As Jews marked the second morning of the Pesach holiday, Muslims rioters marred the day by hurling flares and rocks at police forces on the Temple Mount, Judaism's holiest site. One police officer was reportedly slightly injured.
The Jerusalem police are on high alert and have fanned out in large forces around the Old City, in order to protect Jews who wish to pray at the Western Wall (Kotel) and visit other parts of the City.
However eyewitnesses have told Arutz Sheva that Jewish visits to the Temple Mount itself have once again been halted.
Temple Institute International Director Rabbi Chaim Richman said would-be visitors told him that they were forced to wait for an hour before being allowed up - after which the few who were permitted to ascend were very quickly removed as a result of the rioting.
Jewish Temple Mount activists say that police have not been allowing Jews into the Mount over the last two days, and have effectively caved in to Islamists who have holed up in the Al Aqsa Mosque, where they have stockpiled rocks.
On Thursday, the traditional Birkat Hakohanim, or Priestly Blessing ceremony, will be held at the Kotel plaza. Tens of thousands of Jews are expected to attend the ceremony, which is to be led by the Chief Rabbis of Israel. The event will be carried live on Arutz Sheva.
Hamas-linked Islamists rioted on the Temple Mount Sunday, preventing Jewish visitors from ascending Judaism's holiest site.
In response, police banned Jews from the site - prompting Temple Mount activists to accuse authorities of essentially collaborating with Muslim extremists to prevent Jews from visiting the Mount. The Temple activists say that about 20 Hamas men stayed in the compound overnight and that the police allowed them to do so.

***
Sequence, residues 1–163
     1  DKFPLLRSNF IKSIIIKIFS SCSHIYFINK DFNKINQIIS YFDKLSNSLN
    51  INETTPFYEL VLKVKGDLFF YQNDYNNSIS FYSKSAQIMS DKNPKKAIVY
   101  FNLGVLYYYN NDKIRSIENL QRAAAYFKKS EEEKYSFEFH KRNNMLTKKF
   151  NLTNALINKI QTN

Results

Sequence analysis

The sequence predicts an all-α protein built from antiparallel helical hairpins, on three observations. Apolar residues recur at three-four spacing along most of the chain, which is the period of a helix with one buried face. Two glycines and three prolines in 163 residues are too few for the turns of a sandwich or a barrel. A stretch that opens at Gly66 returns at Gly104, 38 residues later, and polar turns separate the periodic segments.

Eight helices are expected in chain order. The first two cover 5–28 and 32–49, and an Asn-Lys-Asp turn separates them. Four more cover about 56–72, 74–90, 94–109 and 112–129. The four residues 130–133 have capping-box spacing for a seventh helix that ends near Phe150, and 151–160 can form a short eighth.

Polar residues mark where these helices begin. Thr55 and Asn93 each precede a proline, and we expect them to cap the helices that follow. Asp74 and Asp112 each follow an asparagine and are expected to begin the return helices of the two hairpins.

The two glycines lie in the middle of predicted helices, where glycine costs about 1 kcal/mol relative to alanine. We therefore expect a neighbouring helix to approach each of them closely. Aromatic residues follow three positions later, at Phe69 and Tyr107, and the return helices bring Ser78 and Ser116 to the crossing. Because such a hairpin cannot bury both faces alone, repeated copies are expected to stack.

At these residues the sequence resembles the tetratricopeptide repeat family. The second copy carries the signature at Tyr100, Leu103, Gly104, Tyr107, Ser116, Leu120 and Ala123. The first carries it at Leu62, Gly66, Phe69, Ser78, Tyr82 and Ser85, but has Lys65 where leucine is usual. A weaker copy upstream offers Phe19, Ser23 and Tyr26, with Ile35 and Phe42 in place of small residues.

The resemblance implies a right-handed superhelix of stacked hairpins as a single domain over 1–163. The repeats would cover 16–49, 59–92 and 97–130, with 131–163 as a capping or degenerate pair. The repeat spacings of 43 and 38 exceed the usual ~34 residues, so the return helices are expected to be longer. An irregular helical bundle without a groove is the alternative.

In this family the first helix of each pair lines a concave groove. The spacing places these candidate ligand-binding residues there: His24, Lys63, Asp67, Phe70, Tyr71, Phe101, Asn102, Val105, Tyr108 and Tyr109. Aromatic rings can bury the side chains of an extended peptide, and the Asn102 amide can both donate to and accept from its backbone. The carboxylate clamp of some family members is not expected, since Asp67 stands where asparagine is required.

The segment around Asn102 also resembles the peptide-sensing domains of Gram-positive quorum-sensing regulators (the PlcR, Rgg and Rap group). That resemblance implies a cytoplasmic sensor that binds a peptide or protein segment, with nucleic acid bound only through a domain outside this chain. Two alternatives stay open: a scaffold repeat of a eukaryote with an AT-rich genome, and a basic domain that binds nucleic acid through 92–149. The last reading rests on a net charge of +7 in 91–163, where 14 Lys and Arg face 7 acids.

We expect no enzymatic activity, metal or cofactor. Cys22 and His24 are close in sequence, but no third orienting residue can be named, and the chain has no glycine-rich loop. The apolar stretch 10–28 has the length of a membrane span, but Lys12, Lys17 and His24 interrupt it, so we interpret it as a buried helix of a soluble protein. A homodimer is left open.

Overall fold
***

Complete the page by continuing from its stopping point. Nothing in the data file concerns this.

Israeli police on Monday announced that Muslim access to the Temple Mount would be curtailed. Police spokesman Micky Rosenfeld said that only men aged 50 and over would be allowed to pray. There is no age limit on women's participation, however, he told AFP.
"It's a precaution that has been taken after a security assessment of the possibility of disturbances," the spokesman added.
Despite being the holiest site in Judaism, the Temple Mount is administered by the Islamic Waqf foundation, and Jewish visits are subject to strict restrictions including a blanket ban on prayers or other forms of worship, under pain of arrest.
Jewish groups have long condemned the discrimination as a surrender to Muslim extremism; a new bill proposed by the Jewish Home party is currently being debated to grant equal prayer rights to Jews and Muslims on the Mount.